• This is the most common type of vitiligo. The skin usually loses color equally on both sides of the body. Color loss commonly affects the arms and legs, including the hands, fingertips and feet, as well as the genitals and areas around the eyes or mouth; however, any part of the body can be affected. In the beginning, color loss may be rapid. This is often followed by a period of little or no color loss.
  • This type involves scattered white patches in only one area of the body, such as the chest, back, abdomen, or one arm or leg.
  • This type causes color loss on one part of the skin, often in the location of the nerve fibers that pass through that area of the skin. Hair color may also be lost in the involved area. Often, a bit of hair on the head, an eyelash or eyebrow turns white. Color loss often occurs for a year or two and then stops.
  • Color loss occurs only on the head, hands and feet.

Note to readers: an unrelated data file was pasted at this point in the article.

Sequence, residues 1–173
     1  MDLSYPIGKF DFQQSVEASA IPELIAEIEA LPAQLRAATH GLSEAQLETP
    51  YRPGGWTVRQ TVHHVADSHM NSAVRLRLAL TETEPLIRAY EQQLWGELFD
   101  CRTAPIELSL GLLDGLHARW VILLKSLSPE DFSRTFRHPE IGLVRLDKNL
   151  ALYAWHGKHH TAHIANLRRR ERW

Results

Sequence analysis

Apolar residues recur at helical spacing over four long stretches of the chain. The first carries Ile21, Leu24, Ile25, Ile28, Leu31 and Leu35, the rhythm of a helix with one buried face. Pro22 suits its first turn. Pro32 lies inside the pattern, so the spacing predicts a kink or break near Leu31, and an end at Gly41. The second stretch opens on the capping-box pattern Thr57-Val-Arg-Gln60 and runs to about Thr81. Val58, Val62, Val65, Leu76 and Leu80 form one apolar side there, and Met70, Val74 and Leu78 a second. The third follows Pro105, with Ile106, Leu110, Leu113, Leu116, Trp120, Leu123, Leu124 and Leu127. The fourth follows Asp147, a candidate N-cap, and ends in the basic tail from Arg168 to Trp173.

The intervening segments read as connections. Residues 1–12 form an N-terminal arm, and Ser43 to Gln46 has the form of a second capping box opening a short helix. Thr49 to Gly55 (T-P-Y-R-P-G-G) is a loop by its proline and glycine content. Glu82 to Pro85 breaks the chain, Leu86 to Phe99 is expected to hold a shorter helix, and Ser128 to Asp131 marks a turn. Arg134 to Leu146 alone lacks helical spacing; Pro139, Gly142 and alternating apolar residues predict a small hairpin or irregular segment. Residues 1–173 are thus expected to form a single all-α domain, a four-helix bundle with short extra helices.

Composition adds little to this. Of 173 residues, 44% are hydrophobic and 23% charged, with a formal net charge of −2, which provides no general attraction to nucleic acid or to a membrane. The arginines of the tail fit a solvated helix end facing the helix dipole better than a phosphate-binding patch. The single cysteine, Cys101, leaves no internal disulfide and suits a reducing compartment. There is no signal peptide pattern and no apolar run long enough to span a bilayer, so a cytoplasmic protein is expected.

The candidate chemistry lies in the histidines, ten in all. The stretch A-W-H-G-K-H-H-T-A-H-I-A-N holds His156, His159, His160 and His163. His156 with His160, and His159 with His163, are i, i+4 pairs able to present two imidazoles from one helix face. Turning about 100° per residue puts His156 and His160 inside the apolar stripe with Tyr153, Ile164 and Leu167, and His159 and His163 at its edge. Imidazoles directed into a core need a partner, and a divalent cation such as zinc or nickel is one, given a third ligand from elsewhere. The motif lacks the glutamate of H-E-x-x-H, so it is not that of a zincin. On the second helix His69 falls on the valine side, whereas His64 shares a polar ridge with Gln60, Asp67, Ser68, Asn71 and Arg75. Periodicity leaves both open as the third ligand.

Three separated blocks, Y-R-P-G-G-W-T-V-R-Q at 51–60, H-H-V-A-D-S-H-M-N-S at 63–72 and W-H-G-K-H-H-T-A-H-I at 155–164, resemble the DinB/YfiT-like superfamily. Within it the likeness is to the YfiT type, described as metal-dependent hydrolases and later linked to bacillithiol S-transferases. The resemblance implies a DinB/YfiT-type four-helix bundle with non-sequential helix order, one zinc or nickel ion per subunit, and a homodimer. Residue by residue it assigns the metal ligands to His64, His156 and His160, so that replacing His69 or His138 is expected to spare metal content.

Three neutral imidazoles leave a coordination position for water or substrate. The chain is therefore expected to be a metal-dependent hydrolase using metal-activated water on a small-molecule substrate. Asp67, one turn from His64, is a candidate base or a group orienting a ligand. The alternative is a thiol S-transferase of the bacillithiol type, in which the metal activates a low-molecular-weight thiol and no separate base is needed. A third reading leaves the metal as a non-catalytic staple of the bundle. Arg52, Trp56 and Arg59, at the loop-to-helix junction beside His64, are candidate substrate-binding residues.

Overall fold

• Color loss occurs on most of the body.


The goal of most vitiligo treatments is to help re-pigment the affected skin, although this isn’t always effective. Research shows that for people living with vitiligo, an even skin tone can greatly improve both physical and psychological well-being.

Some treatments work best on certain types of vitiligo or on certain areas of the body.

The type of treatment that your dermatologist recommends will depend on many factors, including how much of your skin is affected, your age and your general health.